A parallel path to reopening is needed

Margaret Keenan, 90, was the first patient in Britain to receive the Pfizer/BioNtech COVID-19 vaccine. - Photo: Reuters
Letter to the editor – By Dr. Michael Tibbetts, MD

The announcement that our Islands will receive the first doses of the approved Pfizer/BioNTech vaccine in early January, 2021 is cause for celebration. 

Michael Tibbetts

Premier Alden McLaughlin declared a reopening of our borders to visitors will commence once the highest risk residents are vaccinated with a target date of March 2021. 

In this next phase, all incoming residents and visitors who can show proof of vaccination and submit to testing at 5-day intervals will avoid quarantine.   

I fully support the emphasis on vaccination, commend the proactive and assertive path of the roll-out, and will proudly roll up my sleeve when my name is called. 

Now that the reopening plan for the vaccinated has been announced, I believe that a second parallel path needs to be defined for the unvaccinated. This path must obviously provide a higher level of safety and community protection.

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A plan for the unvaccinated is necessary because although the approved vaccines are safe and effective for most adults, there are still unanswered questions. 

Most notably, the safety and efficacy of the vaccines has not been studied in children under age 16.  The clinical trials for teenagers only recently began and the studies for children under 12 will not commence until 2021.

As a result, residents and visitors under 16 years old will be excluded from vaccination until the late summer of 2021 at the earliest.  Data is also lacking on the vaccine’s effects on pregnant women, the immunocompromised and individuals previously infected with COVID-19.   

Importantly, a vaccinated individual can still be a carrier and potentially transmit the SARS-CoV-2 virus. 

This means that the person may not get sick but could still pass the virus to someone else.  Whereas clinical trials showed the Pfizer/BioNTech vaccine reduces the risk of COVID-19 illness by 95%, BioNTech CEO Ugur Sahin believes that the vaccine may only reduce transmission by 50% – an important distinction. 

Vaccination by itself is unfortunately not the magical key to open our borders without additional safety measures such as repeated testing, on-island surveillance, sanitation protocols and contact tracing capability.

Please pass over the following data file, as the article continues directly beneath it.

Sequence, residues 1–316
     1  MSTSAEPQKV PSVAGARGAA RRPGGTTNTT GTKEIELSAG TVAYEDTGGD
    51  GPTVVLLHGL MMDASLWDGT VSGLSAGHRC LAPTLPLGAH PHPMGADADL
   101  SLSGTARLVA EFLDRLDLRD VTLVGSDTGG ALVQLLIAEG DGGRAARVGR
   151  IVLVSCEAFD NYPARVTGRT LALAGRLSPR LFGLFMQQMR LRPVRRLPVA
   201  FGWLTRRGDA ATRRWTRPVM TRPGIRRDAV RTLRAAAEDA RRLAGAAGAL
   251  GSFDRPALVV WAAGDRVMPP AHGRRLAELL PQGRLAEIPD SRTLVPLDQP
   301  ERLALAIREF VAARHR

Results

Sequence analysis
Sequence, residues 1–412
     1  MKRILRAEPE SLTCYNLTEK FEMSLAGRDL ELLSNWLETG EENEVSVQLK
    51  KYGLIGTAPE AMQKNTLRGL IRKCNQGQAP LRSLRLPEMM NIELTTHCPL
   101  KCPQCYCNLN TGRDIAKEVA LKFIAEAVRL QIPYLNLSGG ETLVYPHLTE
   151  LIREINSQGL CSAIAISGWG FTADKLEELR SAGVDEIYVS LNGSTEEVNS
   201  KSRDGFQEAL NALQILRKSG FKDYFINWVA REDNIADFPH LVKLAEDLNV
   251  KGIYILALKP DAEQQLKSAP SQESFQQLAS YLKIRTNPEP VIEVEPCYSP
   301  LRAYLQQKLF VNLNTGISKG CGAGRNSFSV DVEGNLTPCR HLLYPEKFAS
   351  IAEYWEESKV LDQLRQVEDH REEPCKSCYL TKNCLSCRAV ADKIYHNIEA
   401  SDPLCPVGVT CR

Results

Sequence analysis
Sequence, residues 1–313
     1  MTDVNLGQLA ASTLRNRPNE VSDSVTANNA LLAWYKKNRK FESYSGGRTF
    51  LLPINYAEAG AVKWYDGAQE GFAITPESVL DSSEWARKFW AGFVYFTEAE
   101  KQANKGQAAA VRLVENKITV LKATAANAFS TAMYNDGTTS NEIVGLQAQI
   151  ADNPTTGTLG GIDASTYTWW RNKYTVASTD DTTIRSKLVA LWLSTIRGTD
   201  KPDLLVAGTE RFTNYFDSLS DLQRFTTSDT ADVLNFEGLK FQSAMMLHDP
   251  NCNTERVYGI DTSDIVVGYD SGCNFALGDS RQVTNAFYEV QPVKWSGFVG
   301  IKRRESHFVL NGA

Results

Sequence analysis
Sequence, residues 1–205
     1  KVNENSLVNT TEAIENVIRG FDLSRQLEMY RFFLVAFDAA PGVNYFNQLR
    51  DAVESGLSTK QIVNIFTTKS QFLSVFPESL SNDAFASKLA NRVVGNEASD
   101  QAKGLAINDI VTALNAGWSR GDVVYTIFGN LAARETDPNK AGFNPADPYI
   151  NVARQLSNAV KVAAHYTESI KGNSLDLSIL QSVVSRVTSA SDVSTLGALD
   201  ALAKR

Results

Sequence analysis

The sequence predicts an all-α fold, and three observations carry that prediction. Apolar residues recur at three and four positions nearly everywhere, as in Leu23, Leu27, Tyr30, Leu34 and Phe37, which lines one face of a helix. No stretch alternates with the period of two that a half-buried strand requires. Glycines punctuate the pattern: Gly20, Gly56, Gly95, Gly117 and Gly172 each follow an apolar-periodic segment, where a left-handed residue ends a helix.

In terms of feasibility, the COVID-19 vaccines will not be widely available for heathy individuals under age 60 for several months – likely not until the summer of 2021 in the U.S.

Advanced planning for travel and the reinstatement of commercial flights will not be possible given this uncertain timeline. 

Further, there are many individuals who oppose vaccination for ethical or religious reasons and would thereby be excluded from visiting without quarantine.  There may be other unforeseen pitfalls as no other countries have implemented a similar reopening strategy at this point.

A parallel protocol to permit unvaccinated residents and visitors should be provided along with the vaccination plan for March. 

The unvaccinated protocols should include additional layers of protection such as pre-arrival testing (in addition to on arrival and every 5-day testing) and specific sanitation and mask wearing protocols in place in approved accommodations, restaurants and attractions. 

Other elements such as a contact tracing app would further enhance the level of safety.  Combined these elements could provide a greater degree of risk mitigation against the community spread of COVID-19 than vaccination alone.

To be clear, this pathway would only be for unvaccinated arrivals that agree to pre-arrival testing and the enhanced protocols required. 

Not all returning residents may be able to comply with these stringent requirements.  As we have learned from Jamaica, Bermuda, Turks and Caicos, St. Lucia and other islands, returning residents are at a much higher risk of seeding outbreaks than visitors given the epidemiology of COVID-19. 

The SARS-CoV-2 virus is most commonly transmitted within homes, workplaces, houses of worship and other settings where friends and family gather in close confined spaces.

By launching a reopening protocol with heightened safety requirements for unvaccinated residents and visitors to begin in March, the businesses affected by the 11-month border closure can begin to make plans for rehiring and retraining staff, airlines can reinstate routes and hope will be provided to the thousands of struggling Caymanians.

I invite you to learn more at reopencayman.com and post your feedback and questions to the ReopenCayman.com Facebook page.

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